The USPTO’s Patent Trial and Appeal Board (PTAB) has dismissed RPX Corporation’s multiple petitions for inter partes review (IPR) of four patents owned by Virnetx, Inc., holding that Apple, Inc., whose ability to bring the IPR petitions was time-barred, was the real party in interest. RPX Corp. v. Virnetx, Inc., Cases IPR2014-171 to 177 (PTAB June 5, 2014).
The applicable statute, 35 U.S.C. § 315(b), states in relevant part that:
(b) Patent Owner’s Action.— An inter partes review may not be instituted if the petition requesting the proceeding is filed more than 1 year after the date on which the petitioner, real party in interest, or privy of the petitioner is served with a complaint alleging infringement of the patent.
The PTAB had earlier held that Apple’s petitions seeking IPR proceedings against Virnetx’s patents were time barred. There was no dispute that “that RPX filed [IPR] requests against the Virnetx Patents pursuant to a newly created program in which Apple . . . in October 2013, paid RPX a sum of $500,000, among other things, to file IPR reviews.” Further, Apple had tried to join IPR proceedings initiated by New Bay Capital (NBC), but those proceedings had been terminated at NBC’s request. Apple declined NBC’s offer to continue these proceedings in exchange for compensation, and then “paid RPX $500,000, among other things to ‘file with the [USPTO] requests for reexamination or petitions for post grant, covered business method, or inter partes review with respect to patents of questionable quality.” A month later, RPX served Virnetx with the present IPR petitions.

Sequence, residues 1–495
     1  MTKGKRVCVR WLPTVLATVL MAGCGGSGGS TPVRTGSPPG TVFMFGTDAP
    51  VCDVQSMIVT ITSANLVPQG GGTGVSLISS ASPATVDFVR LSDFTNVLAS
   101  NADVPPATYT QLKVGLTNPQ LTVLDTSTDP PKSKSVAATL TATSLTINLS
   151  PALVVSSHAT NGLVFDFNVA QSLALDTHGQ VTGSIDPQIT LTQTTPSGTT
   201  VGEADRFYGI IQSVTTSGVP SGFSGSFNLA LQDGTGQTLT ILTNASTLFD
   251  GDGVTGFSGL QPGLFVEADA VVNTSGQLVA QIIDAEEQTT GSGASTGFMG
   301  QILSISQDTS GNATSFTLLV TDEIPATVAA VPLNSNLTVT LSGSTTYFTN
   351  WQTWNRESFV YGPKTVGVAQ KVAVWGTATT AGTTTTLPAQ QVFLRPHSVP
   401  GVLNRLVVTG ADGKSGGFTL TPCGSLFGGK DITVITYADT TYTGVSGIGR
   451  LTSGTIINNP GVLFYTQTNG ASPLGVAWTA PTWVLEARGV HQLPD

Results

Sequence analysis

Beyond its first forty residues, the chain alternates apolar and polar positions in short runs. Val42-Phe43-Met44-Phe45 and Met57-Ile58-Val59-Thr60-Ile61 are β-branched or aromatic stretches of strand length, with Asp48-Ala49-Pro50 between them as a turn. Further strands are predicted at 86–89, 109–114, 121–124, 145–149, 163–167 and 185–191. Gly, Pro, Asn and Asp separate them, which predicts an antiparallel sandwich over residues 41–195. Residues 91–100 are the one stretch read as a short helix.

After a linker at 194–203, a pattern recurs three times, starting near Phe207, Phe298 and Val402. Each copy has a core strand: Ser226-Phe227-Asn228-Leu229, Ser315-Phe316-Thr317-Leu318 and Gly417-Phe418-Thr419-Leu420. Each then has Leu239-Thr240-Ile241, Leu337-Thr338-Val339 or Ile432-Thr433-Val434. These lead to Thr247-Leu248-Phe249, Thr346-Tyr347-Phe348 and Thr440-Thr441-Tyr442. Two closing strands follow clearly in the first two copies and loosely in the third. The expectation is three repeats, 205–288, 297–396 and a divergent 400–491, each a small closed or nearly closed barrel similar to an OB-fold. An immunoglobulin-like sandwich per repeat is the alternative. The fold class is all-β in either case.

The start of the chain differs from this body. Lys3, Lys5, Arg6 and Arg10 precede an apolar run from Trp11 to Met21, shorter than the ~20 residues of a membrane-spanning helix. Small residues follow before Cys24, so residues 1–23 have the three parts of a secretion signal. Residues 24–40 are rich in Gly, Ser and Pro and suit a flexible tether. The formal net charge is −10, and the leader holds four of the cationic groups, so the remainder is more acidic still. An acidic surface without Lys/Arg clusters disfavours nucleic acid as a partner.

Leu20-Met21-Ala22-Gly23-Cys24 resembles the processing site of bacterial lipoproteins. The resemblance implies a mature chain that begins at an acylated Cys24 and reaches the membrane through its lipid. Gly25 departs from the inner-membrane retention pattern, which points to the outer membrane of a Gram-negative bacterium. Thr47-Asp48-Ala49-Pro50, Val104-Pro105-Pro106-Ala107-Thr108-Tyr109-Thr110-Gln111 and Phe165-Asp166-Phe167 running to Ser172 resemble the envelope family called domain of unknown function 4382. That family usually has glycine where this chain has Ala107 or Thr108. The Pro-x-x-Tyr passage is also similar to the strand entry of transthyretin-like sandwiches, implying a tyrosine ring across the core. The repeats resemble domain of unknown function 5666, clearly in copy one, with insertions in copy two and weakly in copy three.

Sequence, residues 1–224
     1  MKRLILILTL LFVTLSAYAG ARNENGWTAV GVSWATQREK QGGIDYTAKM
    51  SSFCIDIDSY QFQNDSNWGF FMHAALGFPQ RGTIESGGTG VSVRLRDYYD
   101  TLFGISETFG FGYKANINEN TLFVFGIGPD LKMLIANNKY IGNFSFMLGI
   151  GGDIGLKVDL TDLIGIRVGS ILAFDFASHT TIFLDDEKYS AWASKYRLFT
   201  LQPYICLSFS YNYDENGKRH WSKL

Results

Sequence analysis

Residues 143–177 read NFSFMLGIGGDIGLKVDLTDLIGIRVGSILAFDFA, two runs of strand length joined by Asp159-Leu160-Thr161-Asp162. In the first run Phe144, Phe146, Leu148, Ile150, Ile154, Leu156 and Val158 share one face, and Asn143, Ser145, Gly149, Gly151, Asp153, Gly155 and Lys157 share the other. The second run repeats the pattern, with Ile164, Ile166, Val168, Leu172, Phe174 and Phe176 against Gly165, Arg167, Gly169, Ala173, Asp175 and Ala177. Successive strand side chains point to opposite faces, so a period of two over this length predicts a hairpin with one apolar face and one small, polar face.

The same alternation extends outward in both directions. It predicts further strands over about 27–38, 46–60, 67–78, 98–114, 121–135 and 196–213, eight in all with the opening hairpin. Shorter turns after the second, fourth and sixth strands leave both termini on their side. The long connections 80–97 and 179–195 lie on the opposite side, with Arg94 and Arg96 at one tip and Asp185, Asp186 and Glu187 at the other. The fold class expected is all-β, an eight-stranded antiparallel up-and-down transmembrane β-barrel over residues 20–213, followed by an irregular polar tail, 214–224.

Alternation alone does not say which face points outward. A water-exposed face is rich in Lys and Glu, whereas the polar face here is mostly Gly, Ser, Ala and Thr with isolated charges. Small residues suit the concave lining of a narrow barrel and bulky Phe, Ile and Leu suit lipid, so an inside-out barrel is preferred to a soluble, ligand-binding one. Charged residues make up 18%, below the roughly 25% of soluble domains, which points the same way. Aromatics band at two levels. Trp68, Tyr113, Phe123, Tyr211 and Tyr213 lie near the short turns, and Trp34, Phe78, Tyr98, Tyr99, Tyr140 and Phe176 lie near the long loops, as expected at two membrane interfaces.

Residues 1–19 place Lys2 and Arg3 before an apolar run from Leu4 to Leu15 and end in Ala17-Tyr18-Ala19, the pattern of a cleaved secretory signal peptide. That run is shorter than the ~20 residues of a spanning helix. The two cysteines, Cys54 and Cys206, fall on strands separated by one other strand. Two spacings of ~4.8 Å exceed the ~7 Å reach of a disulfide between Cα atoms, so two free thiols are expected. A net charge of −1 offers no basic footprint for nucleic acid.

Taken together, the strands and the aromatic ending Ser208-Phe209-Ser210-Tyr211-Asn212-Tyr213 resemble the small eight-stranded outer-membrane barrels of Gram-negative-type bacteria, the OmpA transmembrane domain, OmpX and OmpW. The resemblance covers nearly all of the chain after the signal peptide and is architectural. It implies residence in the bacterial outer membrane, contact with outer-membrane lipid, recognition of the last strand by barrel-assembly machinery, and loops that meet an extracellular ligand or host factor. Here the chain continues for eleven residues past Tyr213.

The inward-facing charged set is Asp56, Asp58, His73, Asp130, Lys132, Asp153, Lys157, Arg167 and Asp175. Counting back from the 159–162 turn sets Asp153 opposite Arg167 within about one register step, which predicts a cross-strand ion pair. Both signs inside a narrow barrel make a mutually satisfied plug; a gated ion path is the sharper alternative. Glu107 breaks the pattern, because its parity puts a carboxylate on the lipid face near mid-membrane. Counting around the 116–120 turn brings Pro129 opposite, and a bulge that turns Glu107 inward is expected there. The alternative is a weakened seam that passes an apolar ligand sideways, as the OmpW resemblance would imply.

The PTAB reviewed applicable case law, and cited a number of factors as supporting a conclusion that Apple was a real party in interest to the present proceedings. Factors cited by the PTAB included the following:
RPX argued that it had independent standing to challenge Virnetx’s patents under 35 U.S.C. § 311(a). Regardless, the PTAB held that “based on the record presented, the interactions between RPX and Apple show an implicit authorization to challenge the Virnetx Patents.” Apple had an interest in “potentially avoiding payment of the damages awarded for infringement of the Virnetx Patents in the district court judgment.” RPX had no substantial interest apart from Apple, and was Apple’s “proxy,” and at best a “nominal plaintiff.”
It will be interesting to see further litigation of the real party in interest issue at the PTAB, and it will be interesting to see if this result is appealed. Subsequent cases may test whether different facts — Apple not the only interested client of RPX, Apple not itself time-barred, Apple not a defendant in pending litigation — would have changed the result here.